Wednesday, September 02, 2020

The 1927 Stormont Debate – Tommy Henderson, Liquor and Ice Cream

The story of Northern Ireland's relationship with alcohol is far bigger than I ever expected. Regulars here will have seen a range of posts on the topic over the last few years. The new Northern Ireland Parliament passed an Intoxicating Liquor Act in May 1923. Its introduction was led by the Prime Minister Sir James Craig, who was himself the son of a whiskey millionaire. It was speculated that £4.5m of tax revenue would be lost, but that "Ulster would be wealthier in a real and substantial way".

In November 1927 the Parliament saw the second reading of the Intoxicating Liquor and Licensing Bill. Four new Nationalist members were in the House that day for their début debate, during which the 1923 act was praised by some of the members - "the people of Northern Ireland were not a drunken people and that was partly due to the Act of 1923".

Nationalist MP for Fermanagh and Tyrone, Thomas Harbison is reported as saying that –

"... he did not believe that temperance legislation would ever make people temperate. The only way to make people temperate was to teach the children at their mother's knees and afterwards in their respective churches. They could never work a moral revolution by legislation. The only way to make men temperate was by giving them liberty, for if they curtailed men's liberties there was something in human nature that caused them to rebel against coercion ..."

Independent Unionist Colonel Philip James Woods said that "... visitors to hotels should have the same liberties in Ulster as they had in England". He was also concerned at the threat to "... personal liberty that police should have the right to go in and inspect clubs. The man in the street had not been considered, only the trade and the temperance party were consulted."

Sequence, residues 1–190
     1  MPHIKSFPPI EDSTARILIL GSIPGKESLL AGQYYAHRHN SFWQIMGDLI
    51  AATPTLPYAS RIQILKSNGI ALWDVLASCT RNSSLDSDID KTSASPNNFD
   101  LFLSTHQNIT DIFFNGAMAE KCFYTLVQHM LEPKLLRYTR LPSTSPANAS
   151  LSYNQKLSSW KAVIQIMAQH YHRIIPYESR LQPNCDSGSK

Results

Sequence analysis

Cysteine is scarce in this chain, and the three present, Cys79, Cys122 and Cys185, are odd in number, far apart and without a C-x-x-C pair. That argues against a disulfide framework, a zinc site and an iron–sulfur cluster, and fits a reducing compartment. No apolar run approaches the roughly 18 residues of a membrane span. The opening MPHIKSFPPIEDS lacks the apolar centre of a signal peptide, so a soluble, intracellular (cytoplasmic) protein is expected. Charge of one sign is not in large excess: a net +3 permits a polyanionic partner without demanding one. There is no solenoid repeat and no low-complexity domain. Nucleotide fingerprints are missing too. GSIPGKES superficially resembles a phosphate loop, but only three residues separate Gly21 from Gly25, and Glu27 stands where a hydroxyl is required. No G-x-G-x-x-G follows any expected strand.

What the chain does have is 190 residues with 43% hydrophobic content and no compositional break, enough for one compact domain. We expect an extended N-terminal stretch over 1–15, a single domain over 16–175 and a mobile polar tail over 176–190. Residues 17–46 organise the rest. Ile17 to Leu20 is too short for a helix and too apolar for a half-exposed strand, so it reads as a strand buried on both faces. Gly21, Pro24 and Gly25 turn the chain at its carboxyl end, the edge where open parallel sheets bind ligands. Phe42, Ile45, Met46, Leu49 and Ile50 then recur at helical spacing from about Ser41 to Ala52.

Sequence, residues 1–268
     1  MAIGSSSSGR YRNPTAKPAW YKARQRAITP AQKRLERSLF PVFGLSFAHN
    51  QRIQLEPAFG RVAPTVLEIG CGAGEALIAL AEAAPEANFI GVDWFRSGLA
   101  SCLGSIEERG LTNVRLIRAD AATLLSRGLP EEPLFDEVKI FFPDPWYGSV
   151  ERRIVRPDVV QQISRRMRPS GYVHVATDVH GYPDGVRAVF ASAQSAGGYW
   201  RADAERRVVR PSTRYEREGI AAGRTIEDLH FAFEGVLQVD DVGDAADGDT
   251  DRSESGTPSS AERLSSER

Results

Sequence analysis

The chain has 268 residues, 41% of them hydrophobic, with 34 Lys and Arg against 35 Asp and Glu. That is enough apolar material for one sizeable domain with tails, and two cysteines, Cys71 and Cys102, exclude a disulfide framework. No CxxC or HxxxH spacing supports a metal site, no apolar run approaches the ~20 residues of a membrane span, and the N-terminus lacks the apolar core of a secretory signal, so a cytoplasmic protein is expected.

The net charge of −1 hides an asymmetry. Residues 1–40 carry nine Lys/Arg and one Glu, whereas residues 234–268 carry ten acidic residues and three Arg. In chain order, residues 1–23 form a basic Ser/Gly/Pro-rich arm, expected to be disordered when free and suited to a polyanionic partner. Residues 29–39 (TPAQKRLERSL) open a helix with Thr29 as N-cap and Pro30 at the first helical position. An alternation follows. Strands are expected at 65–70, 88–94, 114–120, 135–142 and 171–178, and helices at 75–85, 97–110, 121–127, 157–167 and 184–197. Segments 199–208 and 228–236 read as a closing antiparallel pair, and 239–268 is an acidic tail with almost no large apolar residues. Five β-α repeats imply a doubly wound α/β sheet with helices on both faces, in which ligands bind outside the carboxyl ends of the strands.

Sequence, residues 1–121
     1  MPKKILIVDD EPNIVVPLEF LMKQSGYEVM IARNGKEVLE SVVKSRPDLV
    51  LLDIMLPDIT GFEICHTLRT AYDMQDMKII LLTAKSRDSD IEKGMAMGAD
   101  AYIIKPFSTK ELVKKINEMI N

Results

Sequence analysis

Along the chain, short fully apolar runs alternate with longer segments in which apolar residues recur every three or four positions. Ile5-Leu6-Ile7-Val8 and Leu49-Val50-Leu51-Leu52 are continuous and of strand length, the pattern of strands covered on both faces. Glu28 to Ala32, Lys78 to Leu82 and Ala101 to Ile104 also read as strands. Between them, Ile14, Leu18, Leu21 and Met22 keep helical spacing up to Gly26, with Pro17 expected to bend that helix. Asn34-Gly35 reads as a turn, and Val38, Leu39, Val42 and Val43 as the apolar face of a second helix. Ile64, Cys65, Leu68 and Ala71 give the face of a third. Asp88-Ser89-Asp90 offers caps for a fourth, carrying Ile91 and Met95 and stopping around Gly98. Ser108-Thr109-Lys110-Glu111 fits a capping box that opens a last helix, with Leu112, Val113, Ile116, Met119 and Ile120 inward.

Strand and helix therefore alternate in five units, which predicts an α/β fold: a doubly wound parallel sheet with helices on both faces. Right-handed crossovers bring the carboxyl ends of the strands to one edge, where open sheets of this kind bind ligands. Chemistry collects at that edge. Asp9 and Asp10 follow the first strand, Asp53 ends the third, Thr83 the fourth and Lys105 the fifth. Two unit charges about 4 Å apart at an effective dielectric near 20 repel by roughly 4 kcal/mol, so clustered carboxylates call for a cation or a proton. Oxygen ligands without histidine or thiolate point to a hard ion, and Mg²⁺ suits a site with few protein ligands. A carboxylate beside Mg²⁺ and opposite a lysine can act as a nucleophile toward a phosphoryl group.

But the most revealing response was from the man pictured above, the renowned Independent Unionist Tommy Henderson – check this out from the Belfast News-Letter:

The Belfast Telegraph report that same day expanded on Henderson's point about class – "the Government supporters could always get as much drink as they wanted ... the eating of ice-cream was more dangerous than a drop of decent liquor".

Henderson was at least partly correct. The restrictions on 'decent liquor' by official alcohol licensing laws had led to a sharp increase in the illicit production of sub-standard illegal stuff – not the romance of poteen, but the home-made horror of a drink nicknamed Red Biddy which was a mix of cheap wine and methylated spirits. A year earlier, Nationalist MP "Wee"Joe Devlin (who also had a background in the drink trade) had warned of the social problems that the invention of Red Biddy was causing, and said in a Stormont debate "in the name of temperance you are poisoning the public of Ulster, and soon you will have no constituents left" (Lurgan Mail, 13 November 1926). 

Below is a report from the Western Morning News from 24 October 1927, less than two weeks before the debate, given by the chairman of Dunville's on seriousness of the issue. Whisky sales were declining so of course he had a commercial interest at stake. (It is interesting that he said that poteen production had been exported from Ireland into Scotland and England.)